Damp is a common problem which many tenants experience when renting accommodation. It's not always easy to work out if your landlord is responsible for resolving problems with damp. This is because it can be difficult to find the exact cause of damp without the help of a surveyor, unless, it's obvious, such as a leaking roof.
Check what kind of damp you have.
Rising damp is more common in older properties. It generally affects the lower part of the ground floor of a property up to the height of about 1 metre. So, if you live above the ground floor in a block of flats and have damp, it won't be rising damp.
If there's a problem with an existing damp-proof course (DPC) in your home which is causing damp, then your landlord is likely to be responsible for repairing it and you should report the problem to your landlord as soon as possible. If you have breached the DPC for example by piling soil up the wall, then you will be responsible for removing the soil to below the DPC.
Penetrating damp can be caused by several repair problems, for example:
- a leaking roof
- a cracked wall
- leaking guttering or external pipes
- a leaking water or drainage pipe
- a leaking toilet or bath
- rotten windows or doors.
In many cases where the damp is caused by problems such as those listed above, the landlord is responsible for repairing the problem and you should report the problem to your landlord as soon as possible.
If the leak is due to something you have done to the property or a leak from your own washing machine or other appliance you will be responsible for making sure the leak is fixed and that no damage is caused to your landlord’s property.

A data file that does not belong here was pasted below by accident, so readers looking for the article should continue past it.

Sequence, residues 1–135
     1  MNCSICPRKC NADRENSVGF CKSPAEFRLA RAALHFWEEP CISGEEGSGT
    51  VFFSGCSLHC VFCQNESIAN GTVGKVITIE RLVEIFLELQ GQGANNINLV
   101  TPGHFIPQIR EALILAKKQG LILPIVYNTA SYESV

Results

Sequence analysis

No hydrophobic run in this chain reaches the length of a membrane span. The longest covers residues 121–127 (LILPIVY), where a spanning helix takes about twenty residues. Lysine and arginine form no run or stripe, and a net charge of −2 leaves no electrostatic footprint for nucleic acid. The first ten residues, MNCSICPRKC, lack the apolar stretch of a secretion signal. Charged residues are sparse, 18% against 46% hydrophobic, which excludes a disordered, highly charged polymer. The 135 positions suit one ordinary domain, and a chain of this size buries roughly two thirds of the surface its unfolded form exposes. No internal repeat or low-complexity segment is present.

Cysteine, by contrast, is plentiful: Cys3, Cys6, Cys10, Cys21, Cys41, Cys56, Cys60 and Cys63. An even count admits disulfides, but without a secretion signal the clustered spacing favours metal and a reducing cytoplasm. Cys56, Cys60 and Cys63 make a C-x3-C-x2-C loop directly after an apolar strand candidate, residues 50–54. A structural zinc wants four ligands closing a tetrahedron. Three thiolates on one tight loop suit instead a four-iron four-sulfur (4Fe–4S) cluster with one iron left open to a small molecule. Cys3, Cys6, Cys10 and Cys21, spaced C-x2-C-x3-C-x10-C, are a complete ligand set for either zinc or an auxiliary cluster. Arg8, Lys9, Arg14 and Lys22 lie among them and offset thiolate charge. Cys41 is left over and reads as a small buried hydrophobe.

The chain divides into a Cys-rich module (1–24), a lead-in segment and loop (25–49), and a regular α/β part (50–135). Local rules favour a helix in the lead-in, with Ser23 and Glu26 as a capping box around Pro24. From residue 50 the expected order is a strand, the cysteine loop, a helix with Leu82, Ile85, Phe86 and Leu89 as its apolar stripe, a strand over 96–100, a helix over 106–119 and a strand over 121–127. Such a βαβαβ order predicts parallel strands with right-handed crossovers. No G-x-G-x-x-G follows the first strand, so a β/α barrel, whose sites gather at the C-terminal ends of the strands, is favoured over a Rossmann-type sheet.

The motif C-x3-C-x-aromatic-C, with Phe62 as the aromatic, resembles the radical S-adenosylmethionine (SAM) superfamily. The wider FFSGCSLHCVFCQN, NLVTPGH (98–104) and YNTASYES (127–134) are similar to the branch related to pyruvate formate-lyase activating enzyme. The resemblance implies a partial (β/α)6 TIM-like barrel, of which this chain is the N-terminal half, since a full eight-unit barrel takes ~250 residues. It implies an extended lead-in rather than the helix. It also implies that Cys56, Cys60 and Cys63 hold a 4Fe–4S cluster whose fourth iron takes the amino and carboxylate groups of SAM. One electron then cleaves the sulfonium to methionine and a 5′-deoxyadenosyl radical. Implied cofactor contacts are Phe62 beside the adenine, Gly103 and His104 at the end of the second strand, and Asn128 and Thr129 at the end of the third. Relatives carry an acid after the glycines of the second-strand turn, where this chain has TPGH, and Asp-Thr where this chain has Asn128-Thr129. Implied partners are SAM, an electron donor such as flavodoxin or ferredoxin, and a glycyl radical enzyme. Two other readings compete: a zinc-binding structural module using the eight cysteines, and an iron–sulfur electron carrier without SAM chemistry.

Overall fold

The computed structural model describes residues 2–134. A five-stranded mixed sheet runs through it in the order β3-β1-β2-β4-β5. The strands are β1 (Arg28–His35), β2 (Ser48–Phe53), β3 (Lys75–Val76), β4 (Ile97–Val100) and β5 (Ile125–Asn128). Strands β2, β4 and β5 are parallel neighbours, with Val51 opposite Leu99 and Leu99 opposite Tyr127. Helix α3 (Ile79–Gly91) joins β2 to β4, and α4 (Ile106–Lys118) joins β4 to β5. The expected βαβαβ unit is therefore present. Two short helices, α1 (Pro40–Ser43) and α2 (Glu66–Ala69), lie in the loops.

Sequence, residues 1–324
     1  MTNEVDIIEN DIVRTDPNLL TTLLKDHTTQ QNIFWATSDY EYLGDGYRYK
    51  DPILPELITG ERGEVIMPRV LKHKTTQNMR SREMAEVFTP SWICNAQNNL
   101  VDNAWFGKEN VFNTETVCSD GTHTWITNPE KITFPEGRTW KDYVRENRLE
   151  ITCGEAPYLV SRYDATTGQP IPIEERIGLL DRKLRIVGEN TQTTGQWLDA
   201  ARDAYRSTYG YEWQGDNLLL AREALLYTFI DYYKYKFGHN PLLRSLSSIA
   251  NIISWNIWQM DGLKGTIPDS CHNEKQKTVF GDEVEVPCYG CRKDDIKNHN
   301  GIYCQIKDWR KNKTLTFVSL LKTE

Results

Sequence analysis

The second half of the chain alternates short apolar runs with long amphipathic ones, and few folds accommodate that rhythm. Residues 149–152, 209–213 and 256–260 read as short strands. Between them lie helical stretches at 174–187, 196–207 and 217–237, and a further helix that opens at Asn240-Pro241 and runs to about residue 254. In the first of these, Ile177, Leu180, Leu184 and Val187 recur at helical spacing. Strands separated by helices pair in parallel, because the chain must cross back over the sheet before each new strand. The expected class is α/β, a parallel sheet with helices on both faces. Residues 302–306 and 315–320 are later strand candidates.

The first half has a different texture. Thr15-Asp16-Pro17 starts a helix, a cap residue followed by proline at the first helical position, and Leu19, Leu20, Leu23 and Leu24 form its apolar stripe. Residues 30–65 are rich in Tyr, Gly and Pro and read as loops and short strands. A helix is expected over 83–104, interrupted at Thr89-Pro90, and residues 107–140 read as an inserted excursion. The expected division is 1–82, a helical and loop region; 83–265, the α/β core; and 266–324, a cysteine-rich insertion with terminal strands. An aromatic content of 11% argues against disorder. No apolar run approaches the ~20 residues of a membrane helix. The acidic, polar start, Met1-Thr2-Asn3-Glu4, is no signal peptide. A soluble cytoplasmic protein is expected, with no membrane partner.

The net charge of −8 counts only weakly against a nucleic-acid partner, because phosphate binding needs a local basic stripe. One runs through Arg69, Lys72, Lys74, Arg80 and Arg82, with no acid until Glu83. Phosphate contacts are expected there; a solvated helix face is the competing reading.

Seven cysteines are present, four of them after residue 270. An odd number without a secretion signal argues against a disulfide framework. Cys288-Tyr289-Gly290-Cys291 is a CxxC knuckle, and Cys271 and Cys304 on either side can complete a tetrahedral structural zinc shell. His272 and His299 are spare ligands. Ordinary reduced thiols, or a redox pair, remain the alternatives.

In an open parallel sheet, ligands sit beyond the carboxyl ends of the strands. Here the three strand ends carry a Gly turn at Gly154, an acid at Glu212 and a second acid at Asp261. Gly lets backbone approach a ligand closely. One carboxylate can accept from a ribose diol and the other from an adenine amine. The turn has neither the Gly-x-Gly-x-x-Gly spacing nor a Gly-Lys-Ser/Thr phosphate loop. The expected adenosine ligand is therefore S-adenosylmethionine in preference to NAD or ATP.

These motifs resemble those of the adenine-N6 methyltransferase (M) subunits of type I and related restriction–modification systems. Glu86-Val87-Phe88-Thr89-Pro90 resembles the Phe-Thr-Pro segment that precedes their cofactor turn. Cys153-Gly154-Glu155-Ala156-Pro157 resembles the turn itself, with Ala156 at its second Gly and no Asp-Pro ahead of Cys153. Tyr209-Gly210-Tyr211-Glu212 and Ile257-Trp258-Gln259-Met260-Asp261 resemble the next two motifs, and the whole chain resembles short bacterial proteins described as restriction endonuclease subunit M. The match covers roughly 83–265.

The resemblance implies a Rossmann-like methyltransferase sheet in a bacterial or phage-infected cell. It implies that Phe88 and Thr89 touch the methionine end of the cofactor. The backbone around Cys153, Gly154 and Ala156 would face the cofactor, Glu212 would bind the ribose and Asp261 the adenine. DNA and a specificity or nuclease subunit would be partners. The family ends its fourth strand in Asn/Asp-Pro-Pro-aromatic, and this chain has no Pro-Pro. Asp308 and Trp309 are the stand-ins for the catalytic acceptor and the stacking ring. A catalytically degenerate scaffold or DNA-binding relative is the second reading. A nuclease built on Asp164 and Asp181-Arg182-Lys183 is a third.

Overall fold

Construction damp is caused by a problem with a property's design. For example, a design defect in a property causes the basement to become damp when the level in the water table rises or there is a cold bridge caused by the construction material.
In cases of construction damp, if the design problem doesn't affect the structure or exterior of your home or cause any damage to the building, then your landlord may not have a responsibility under the tenancy agreement to prevent the damp.
However, your landlord is responsible for repairs if a design problem causes damage to the building, for example to a wall or ceiling plaster and you should report the problem to your landlord as soon as possible.
Condensation damp can occur anywhere on a wall or a ceiling. It may form at the base of wall, or from top to bottom. It can result in mould growth, damage to furniture and belongings and in some cases mite infestation.
Your landlord will probably be responsible for dealing with damp if the damp was caused by your landlord not making certain repairs to your home - for example, not fixing the heating or ventilation. You should report the problem to your landlord as soon as possible.
Sometimes condensation is caused because of the way the property is lived in. The following things may help reduce condensation:
- produce less water vapour
- reduce the amount of moisture by covering simmering pans and do not leave kettles boiling
- dry wet clothes outside, in an externally vented tumble drier or in the bathroom with the door closed and the window open or fan on
- avoid paraffin and portable flueless bottled-gas heaters as they put a lot of moisture into the air
- ventilate to remove the moisture
- use extractor fans in kitchens and bathrooms
- close internal doors when cooking or showering
- leave a gap between furniture and external walls
- dry clothes outdoors or use a vented tumble dryer
- ventilate rooms using trickle ventilators or keeping windows ajar when a room is in use
- insulate and draftproof
- insulate lofts, cavity walls and draught-proof windows and outside doors
- heat your home a little more and keep low background heating on all day in cold weather
- install suitable thermostatically controlled heaters to control heating and costs
Please see our Keeping warm at home page.